Among so many other things, horses – given the chance – can teach about perseverance, patience, resilience, confidence, relationships and trust.

“We save horses, but horses also save us,” Peniuk said.



tholmes@peacearchnews.com
Like us on Facebook and follow us on Twitter

BCSPCASurreyWhite Rock

Get local stories you won't find anywhere else right to your inbox.
Sign up here

 

SPCA Animal Protection Officer Leanne Thomson stands with Lacey shortly after she was seized from a Cloverdale property during an August 2015 cruelty investigation. (Evan Seal photo)

SPCA Animal Protection Officer Leanne Thomson stands with Lacey shortly after she was seized from a Cloverdale property during an August 2015 cruelty investigation. (Evan Seal photo)

Just Posted

An Amica White Rock resident receives the COVID-19 vaccine during a Jan. 15, 2021 clinic. (Tracy Holmes photo)
PHOTOS: South Surrey seniors grateful for ‘freedom’ of COVID-19 vaccine

Vaccination clinics at Fraser Health long-term and assisted-living sites were to wrap up Jan. 15

Surrey Council Chambers. (File photo)
Surrey city councillors complain not enough public input in committees

City has gone ‘exactly the opposite direction,’ Councillor Brenda Locke charges

A Transit Police officer and another driver were injured on Nov. 4 in a traffic crash while the officer was responding to another officers call for help catching a man who escaped custody. (Photo: Shane MacKichan)
Police watchdog investigating Surrey crash that injured transit cop, another driver

Crash happened 11 p.m. Nov. 4, at 128th Street and 93rd Avenue in Cedar Hills

Friends and family of murder victim Paul Prestbakmo wore memorial masks outside Surrey Provincial Court Jan. 14, 2021. (From left) Family friend Tyler Whitley, sister Angela Prestbakmo, childhood friend Jimmy Slater, brother Steve Prestbakmo, Semiahmoo First Nation councillor Roxanne Charles and sister Liz Prestbakmo. (Tracy Holmes photo)
Two accused in 2019 South Surrey murder were ‘really angry,’ pacing at party: witness

‘We had this really strong gut feeling that something was really wrong’

Semiahmoo Rock
Record-setting 10 Semiahmoo Rock players selected in B.C. junior lacrosse draft

Kaleb Borg is the highest Rock player selected, going in the second round to the Coquitlam Adanacs

Health Minister Adrian Dix and provincial health officer Dr. Bonnie Henry head for the press theatre at the B.C. legislature for an update on COVID-19, Jan. 7, 2021. (B.C. government)
B.C.’s COVID-19 spread steady with 509 new cases Friday

Hospitalized and critical care cases decline, nine deaths

Seasonal influenza vaccine is administered starting each fall in B.C. and around the world. (Langley Advance Times)
After 30,000 tests, influenza virually nowhere to be found in B.C.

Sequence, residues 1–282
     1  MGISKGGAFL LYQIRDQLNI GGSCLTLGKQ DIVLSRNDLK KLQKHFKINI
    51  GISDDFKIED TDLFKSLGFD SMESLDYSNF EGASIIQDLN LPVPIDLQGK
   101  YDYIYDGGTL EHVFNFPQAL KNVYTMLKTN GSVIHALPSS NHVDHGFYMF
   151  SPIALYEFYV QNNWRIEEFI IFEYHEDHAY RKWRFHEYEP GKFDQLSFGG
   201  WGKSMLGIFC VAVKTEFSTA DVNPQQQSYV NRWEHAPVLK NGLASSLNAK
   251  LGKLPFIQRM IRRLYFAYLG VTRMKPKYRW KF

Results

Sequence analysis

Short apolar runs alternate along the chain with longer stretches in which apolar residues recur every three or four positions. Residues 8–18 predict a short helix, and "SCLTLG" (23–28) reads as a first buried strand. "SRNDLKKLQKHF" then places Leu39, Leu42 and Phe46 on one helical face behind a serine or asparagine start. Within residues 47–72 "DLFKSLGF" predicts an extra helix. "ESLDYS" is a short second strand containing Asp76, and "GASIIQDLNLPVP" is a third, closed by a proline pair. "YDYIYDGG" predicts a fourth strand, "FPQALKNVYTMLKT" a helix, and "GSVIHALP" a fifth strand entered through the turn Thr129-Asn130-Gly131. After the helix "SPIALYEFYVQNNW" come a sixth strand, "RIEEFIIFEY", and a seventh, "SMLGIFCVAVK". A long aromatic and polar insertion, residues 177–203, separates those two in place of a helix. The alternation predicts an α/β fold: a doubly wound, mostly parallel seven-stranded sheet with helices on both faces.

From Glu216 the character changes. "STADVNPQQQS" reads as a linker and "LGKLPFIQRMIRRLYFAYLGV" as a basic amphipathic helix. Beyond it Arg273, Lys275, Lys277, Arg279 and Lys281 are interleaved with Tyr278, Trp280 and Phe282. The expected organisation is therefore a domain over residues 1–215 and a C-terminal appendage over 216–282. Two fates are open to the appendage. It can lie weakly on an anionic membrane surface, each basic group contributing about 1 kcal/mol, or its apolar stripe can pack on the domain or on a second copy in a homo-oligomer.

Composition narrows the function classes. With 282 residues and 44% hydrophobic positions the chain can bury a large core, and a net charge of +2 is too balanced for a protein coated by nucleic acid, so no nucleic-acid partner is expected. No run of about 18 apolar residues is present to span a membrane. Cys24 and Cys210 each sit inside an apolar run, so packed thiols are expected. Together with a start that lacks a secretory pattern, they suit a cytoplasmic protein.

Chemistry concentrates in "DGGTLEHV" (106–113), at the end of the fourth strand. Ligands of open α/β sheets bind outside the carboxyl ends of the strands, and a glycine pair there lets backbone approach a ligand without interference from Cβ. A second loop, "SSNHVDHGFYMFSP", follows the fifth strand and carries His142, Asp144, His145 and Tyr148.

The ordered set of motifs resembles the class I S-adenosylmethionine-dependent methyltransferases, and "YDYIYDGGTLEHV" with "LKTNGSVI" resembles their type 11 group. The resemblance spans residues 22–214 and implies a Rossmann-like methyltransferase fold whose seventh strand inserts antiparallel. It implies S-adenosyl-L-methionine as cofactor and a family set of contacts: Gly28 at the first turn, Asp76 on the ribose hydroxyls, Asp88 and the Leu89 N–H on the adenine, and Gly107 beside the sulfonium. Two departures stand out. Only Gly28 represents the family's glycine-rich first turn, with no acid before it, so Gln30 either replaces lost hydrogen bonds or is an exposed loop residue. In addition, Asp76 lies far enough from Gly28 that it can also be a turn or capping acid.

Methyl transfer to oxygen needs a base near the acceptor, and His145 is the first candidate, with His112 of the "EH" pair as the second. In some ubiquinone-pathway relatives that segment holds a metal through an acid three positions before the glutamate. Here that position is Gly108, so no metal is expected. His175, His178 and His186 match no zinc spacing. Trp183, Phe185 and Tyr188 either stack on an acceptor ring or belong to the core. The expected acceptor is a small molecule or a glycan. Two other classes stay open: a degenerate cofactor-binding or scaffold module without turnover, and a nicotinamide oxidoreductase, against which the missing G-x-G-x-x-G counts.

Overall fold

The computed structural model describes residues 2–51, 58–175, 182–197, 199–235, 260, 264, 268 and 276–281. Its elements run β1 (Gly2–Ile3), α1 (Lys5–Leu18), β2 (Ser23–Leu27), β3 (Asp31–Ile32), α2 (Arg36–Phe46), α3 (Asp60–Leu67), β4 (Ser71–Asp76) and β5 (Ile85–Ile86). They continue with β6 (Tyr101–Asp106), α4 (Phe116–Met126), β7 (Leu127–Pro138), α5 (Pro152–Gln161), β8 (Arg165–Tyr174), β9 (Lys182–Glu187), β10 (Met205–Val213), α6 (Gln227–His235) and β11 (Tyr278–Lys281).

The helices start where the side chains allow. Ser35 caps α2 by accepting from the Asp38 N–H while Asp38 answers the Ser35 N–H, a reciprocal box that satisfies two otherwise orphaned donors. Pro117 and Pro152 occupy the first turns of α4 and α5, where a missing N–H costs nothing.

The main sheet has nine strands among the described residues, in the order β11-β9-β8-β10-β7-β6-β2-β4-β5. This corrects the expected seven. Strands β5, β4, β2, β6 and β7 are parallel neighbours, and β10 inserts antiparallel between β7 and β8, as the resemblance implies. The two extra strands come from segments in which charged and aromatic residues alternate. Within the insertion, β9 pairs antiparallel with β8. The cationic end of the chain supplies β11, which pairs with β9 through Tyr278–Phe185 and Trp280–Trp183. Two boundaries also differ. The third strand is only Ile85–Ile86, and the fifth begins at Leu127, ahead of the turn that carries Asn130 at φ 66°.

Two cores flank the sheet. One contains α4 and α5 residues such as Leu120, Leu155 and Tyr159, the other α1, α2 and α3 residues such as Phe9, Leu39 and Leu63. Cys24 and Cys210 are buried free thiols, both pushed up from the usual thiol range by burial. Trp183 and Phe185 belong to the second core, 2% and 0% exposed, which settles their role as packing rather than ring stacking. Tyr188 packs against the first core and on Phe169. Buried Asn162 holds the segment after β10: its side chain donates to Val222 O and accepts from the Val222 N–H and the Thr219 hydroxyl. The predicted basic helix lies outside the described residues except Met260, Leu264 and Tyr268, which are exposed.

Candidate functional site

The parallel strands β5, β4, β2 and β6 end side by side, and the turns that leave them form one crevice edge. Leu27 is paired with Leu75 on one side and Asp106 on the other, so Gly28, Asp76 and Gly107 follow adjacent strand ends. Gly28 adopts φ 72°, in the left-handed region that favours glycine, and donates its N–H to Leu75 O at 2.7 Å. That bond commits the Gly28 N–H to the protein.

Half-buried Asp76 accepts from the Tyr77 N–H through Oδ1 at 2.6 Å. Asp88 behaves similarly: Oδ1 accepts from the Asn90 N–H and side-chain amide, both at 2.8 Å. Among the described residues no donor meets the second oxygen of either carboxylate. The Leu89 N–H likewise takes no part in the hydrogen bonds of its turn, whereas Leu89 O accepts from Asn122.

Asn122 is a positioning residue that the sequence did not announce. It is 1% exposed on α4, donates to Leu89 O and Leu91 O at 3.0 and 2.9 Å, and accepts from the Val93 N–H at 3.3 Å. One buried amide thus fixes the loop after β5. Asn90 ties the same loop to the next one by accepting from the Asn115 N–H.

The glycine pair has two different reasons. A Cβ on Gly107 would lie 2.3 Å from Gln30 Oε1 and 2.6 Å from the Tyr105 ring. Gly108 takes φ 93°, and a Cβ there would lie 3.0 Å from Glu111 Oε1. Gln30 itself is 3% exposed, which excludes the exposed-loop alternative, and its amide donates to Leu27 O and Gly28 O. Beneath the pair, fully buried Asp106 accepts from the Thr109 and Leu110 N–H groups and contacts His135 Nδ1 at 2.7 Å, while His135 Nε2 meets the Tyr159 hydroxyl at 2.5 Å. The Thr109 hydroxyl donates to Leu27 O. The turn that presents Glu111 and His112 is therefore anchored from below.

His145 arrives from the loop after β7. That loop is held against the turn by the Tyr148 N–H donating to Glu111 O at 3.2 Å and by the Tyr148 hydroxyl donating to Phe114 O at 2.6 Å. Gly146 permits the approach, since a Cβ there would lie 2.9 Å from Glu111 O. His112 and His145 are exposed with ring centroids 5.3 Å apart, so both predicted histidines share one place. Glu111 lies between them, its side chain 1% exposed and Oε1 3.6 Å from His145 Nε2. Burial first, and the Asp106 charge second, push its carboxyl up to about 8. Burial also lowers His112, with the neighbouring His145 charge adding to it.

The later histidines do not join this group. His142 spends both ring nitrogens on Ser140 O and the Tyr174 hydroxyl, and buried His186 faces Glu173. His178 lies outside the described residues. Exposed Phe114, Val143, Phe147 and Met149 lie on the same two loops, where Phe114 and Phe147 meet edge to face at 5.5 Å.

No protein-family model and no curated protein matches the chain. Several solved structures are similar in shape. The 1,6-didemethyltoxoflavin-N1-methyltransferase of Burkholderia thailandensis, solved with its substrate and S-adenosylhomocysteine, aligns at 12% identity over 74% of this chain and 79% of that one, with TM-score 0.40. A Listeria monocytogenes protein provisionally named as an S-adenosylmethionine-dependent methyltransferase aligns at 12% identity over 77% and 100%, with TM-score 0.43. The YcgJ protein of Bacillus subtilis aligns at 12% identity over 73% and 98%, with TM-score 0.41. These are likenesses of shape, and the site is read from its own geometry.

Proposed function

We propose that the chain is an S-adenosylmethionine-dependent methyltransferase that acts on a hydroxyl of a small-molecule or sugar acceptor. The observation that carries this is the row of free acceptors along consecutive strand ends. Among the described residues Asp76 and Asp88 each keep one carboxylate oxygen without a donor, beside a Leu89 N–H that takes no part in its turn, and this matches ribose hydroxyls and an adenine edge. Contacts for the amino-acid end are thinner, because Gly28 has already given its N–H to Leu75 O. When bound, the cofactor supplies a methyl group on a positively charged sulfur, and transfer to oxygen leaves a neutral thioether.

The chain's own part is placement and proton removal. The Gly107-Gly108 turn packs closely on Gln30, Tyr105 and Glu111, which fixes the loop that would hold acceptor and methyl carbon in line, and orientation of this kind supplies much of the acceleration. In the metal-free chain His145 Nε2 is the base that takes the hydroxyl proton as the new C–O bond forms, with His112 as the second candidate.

COVID-19 precautions have eliminated seasonal infection

Prime Minister Justin Trudeau listens to a question during a news conference outside Rideau cottage in Ottawa, Friday, January 8, 2021. THE CANADIAN PRESS/Adrian Wyld
Trudeau says Canada’s COVID vaccine plan on track despite Pfizer cutting back deliveries

Canadian officials say country will still likely receive four million doses by the end of March

JaHyung Lee, “Canada’s oldest senior” at 110 years old, received his first dose of the COVID-19 vaccine on Thursday, Jan. 14, 2021. He lives at Amenida Seniors Community in Newton. (Submitted photo: Amenida Seniors Community)
Cannabis bought in British Columbia (Ashley Wadhwani/Black Press Media)
Is it time to start thinking about greener ways to package cannabis?

Packaging suppliers are still figuring eco-friendly and affordable packaging options that fit the mandates of Cannabis Regulations

Jobs Minister Ravi Kahlon shared a handwritten note his son received on Jan. 13, 2021. (Ravi Kahlon/Twitter)
Proud dad moment: B.C. minister’s son, 10, receives handwritten note for act of kindness

North Delta MLA took to Twitter to share a letter his son received from a new kid at school

Lilly and Poppy, two cats owned by Kalmar Cat Hotel ownder Donna Goodenough, both have cerebellAr hypoplasia, a genetic neurological condition that affects their ability to control their muscles and bones. Photo by Alistair Taylor – Campbell River Mirror
VIDEO: Wobbly Cats a riot of flailing legs and paws but bundles of love and joy to their owner

Woman urges others to not fear adopting cats with disabilities

Chief public health officer Dr. Theresa Tam provides an update on the COVID-19 pandemic in Ottawa on Friday, Jan. 8, 2021. THE CANADIAN PRESS/Sean Kilpatrick
Canada’s top doctor says to avoid non-essential travel as B.C. explores legal options

Premier John Horgan says he is seeking legal advice on whether it can limit interprovincial travel

Martin Luther King Jr. addresses the crowd during the march on Washington, D.C., in August of 1963. Courtesy photo
Government reinforces importance of anti-racism act on Black Shirt Day

B.C. Ministers say education “a powerful tool” in the fight for equity and equality

Most Read